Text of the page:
Wolves once roamed the globe, and they have had a very complicated relationship with humans for a long time. In North America, they once roamed the arctic tundra as far as Mexico. But since the European colonization of North America, they have lost much of their habitat and have been the subject of extensive extermination programs. Today they are returning to their old ranges – now apparently including upstate New York.
As they expand into the Adirondacks, there’s a slim chance of actually seeing them in real life. If one wishes to see wolves in the wild, the best hotspot is Yellowstone National Park. Alternatively, wolves can be seen at various conservation centers across the country.
Expiration and repopulation of wolves in the United States
Today, the gray wolf has been largely extirpated from much of the lower 48. In 1973, the U.S. Fish and Wildlife Service listed the northern Rocky Mountain wolf as endangered.
- Cut: Males weigh between 100 and 130 pounds and females between 80 and 110 pounds.
Famously, the best place to see gray wolves in the contiguous United States is Yellowstone National Park – where they were successfully reintroduced between 1995 and 1997. Currently, Colorado is also reintroducing wolves to the Rocky Mountains (because they don’t ‘have been unable to expand their range naturally as they can be legally culled outside Wyoming National Park).
But like in Europe, with a better understanding of animals and protections in many places, they are expanding their range. Wolves have repopulated parts of the Midwestern United States, particularly in the Great Lakes states of Minnesota, Wisconsin, and Michigan.
Wolves have fared much better in Canada, still living in about 80% of their historic range (the country has about 50,000 to 80,000 wolves). Globally, the wolf population is estimated at around 300,000. The Greater Yellowstone ecosystem had about 528 gray wolves in 2015, according to the National Park Service.
Return of the Gray Wolves to the Adirondacks
Wolves were driven to extinction in the Adirondacks by deforestation and unregulated hunting.
Wolves are also naturally returning to upstate New York. There are now reports of wolves starting to return to the Adirondacks. It’s now official that the gray wolf has been spotted in the Adirondacks for the first time since the turn of the 20th century. Unfortunately, the Adirondack wolves were found after a hunter shot one by mistake (it’s easy to confuse wolves with coyotes). He was then DNA tested.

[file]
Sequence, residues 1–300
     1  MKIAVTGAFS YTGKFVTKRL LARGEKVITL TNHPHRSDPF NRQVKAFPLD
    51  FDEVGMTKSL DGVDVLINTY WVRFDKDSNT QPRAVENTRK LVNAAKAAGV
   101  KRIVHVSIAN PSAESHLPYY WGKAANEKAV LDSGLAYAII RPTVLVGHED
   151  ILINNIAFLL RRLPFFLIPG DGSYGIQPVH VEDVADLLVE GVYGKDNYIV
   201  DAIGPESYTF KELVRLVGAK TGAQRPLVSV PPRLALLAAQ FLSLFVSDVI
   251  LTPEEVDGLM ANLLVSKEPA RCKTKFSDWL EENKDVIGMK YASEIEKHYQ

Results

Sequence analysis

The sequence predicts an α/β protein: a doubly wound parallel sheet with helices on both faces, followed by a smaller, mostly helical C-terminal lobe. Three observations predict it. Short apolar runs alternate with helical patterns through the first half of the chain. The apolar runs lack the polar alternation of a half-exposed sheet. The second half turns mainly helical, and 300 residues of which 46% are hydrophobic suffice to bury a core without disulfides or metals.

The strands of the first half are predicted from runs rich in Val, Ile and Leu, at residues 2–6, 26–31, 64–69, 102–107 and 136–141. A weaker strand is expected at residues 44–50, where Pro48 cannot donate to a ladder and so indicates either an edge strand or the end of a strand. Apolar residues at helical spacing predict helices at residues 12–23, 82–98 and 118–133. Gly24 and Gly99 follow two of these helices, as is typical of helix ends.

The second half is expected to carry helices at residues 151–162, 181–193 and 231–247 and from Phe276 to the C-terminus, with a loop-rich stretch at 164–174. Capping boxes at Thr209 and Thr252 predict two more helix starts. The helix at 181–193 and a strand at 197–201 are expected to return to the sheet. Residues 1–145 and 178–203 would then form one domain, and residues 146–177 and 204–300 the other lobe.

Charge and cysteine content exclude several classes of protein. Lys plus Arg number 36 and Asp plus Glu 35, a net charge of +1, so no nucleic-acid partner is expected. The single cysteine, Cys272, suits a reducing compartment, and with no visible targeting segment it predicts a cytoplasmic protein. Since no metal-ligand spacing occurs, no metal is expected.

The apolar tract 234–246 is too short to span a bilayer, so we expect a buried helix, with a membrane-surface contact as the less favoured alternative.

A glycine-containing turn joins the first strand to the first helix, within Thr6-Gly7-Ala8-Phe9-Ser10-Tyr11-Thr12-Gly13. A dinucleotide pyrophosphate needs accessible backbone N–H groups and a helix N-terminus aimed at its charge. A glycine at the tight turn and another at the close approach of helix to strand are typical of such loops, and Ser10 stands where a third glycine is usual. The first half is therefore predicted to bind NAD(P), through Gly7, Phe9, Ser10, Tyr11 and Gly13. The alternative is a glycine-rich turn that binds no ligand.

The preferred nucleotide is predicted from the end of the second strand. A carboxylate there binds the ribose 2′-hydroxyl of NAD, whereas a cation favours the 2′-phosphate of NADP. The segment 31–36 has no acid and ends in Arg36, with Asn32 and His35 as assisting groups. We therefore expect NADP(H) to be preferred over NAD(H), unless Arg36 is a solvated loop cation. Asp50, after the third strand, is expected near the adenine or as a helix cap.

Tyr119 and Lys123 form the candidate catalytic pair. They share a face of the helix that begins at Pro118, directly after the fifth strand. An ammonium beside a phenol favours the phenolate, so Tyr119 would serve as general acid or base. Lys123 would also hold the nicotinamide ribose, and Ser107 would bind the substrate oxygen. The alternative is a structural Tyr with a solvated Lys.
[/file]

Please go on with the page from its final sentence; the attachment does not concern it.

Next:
Officially, the gray wolf is listed as an endangered species in New York State. As late as 2019 there had been suggestions to reclassify it in status as “extinct”.
Don’t let that deter anyone from hiking the Adirondacks. Wolves are generally not dangerous. They are wondrous animals that have long evoked thoughts and emotions of mysticism, power, nobility, power, and (of course) fear.
Many people may be apprehensive about wolves returning to New York. Many more will be happy to be back home. The main thing is that no one has to be afraid of the magnificent animals.
National Park Service safety tips around wolves
Several million people live with wolves around the world without any problems. Wolves do not normally pose a danger to people – in the Yellowstone hotspot; there was never a wolf-human attack.
One of the most important things is not to feed wolves (as a general rule, never feed wildlife). If wolves become habituated to people, they may need to be put down (two habituated wolves have been killed in Yellowstone in the past).
National Park Service guidelines are as follows:
- Stay away: Stay at least 100 meters away from wolves at all times
- Inform the authorities: If wolves are seen near developed areas or approaching people, notify the appropriate authorities
- Keep dogs on a leash: If you know there are wolves, keep the dog on a leash
If there is the possibility that a wolf is too close or shows no signs of being afraid of people, then stand up straight and hold your ground. If someone is approached by a wolf, wave your arms, shout and flame their jacket. If that doesn’t work, use bear spray (if you have it) or throw something on it.